Skunks are reluctant to use this weapon, as they carry just enough of the chemical for five or six uses – about 15 cc – and require some ten days to produce another supply. Their bold black and white coloration makes their appearance memorable. It is to a skunk’s advantage to warn possible predators off without expending scent: black and white aposematic warning coloration aside, threatened skunks will go through an elaborate routine of hisses, foot-stamping, and tail-high deimatic or threat postures before resorting to spraying. Skunks usually do not spray other skunks, except among males in the mating season.
If they fight over den space in autumn, they do so with teeth and claws.[citation needed]
“Most predators of the Americas, such as wolves, foxes and badgers, seldom attack skunks, presumably out of fear of being sprayed. The exceptions are reckless predators whose attacks fail once they are sprayed, dogs, and the great horned owl, which is the skunk’s only regular predator. In one case, the remains of 57 striped skunks were found in a single owl nest.”
Skunks are common in suburban areas. Frequent encounters with dogs and other domestic animals, and the release of the odor when a skunk is run over, have led to many myths about the removal of skunk odor. Due to the chemical composition of the spray, most of these household remedies are ineffective.[18] The Humane Society of the United States recommends treating dogs using a mixture of dilute hydrogen peroxide (3%), baking soda, and dishwashing liquid.[19]
Skunk spray is composed mainly of three low-molecular-weight thiol compounds, (E)-2-butene-1-thiol, 3-methyl-1-butanethiol, and 2-quinolinemethanethiol, as well as acetate thioesters of these. These compounds are detectable by the human nose at concentrations of only 10 parts per billion.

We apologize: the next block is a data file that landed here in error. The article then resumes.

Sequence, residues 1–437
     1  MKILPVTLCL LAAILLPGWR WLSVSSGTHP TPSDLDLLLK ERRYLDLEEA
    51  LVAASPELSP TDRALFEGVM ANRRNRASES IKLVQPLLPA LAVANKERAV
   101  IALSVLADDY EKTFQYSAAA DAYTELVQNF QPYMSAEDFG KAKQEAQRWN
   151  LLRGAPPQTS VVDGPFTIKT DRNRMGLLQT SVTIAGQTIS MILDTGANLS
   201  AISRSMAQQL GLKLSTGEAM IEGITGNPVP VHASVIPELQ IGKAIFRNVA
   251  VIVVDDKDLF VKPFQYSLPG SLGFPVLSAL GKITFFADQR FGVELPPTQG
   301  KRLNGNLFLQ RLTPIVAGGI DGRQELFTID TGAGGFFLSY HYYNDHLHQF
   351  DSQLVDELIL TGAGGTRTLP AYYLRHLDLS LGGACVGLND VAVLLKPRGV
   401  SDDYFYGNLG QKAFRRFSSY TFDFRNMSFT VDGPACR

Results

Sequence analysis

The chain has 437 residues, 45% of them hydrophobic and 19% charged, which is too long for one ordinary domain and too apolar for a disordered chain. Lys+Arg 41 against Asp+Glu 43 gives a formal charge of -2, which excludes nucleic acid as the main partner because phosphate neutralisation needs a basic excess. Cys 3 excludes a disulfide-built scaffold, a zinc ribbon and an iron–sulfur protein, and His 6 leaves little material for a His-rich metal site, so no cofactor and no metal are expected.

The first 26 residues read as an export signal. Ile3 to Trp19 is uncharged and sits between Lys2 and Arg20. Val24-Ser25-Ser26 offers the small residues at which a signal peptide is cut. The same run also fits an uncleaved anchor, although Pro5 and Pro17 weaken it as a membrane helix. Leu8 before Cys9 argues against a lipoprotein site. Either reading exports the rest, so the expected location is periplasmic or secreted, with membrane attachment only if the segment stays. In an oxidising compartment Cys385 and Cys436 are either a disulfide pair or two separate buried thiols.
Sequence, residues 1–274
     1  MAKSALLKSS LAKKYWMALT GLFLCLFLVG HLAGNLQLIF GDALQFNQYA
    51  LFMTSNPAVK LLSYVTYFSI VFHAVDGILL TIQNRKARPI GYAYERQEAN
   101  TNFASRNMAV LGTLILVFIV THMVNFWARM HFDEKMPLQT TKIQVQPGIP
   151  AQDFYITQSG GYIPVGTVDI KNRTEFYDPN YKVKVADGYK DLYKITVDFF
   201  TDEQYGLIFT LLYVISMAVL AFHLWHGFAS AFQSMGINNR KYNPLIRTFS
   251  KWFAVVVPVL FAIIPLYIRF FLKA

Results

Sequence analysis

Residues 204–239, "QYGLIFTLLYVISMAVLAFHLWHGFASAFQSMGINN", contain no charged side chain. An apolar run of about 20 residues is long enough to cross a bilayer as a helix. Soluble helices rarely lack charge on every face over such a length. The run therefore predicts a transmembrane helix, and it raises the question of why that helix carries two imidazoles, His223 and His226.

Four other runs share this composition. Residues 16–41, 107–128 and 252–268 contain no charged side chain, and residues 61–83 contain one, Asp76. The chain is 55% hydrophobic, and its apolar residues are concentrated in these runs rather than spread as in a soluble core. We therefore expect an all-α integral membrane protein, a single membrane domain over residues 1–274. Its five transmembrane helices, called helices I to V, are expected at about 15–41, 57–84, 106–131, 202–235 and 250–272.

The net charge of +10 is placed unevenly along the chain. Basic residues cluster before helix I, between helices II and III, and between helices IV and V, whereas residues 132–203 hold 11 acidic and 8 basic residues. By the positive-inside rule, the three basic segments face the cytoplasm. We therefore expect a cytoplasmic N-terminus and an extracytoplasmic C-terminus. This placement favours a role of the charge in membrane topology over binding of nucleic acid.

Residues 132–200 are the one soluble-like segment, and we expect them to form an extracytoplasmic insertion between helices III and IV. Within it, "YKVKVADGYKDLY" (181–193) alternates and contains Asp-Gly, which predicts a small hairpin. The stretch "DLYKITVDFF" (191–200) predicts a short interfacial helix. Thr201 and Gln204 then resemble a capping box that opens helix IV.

Bites
It is rare for a healthy skunk to bite a human. While a tame skunk with its scent glands removed may defend itself by biting, there are few recorded incidents. The most prevalent cause of skunks biting humans is the rabies virus. The Centers for Disease Control (CDC) recorded 1,494 cases of rabies in skunks in the United States for the year 2006—about 21.5% of reported cases in all species.[28] Skunks trail raccoons as vectors of rabies, although this varies regionally in the United States; raccoons dominate along the Atlantic coast and eastern Gulf of Mexico, skunks throughout the Midwest and down to the western Gulf, and in California.
Reference: From Wikipedia, the free encyclopedia

Skunk

Saturday, August 17, 2019 – Celebration of Love (Jenn and Matt)
Tzolkin KIN 36 – Cib, Yellow Planetary Warrior – keywords: questions, intelligence, fearlessness, guidance
Tone 10: to produce perfection and manifestation
Planets: Saturn, Jupiter, Mars, Asteroid Belt

Jenn and Matt's Wedding.Aug.17.2019

We started off the morning by having a good breakfast. The Celebration of Love started off at 11:30 in the morning at Goodlife Fitness with a fitness class of Power Steps (given by a colleague of Jenn), Body Pump, Hot Yoga (given by Jenn herself) and Matt joined in the class. Many family members and friends of Jenn and Matt joined in. A great way to be in the flow of this day. Thanks so much for this opportunity to see part of Jenn’s life in motion. She is also a professor at Fanshaw College and Matt works at a disability center with children and adults.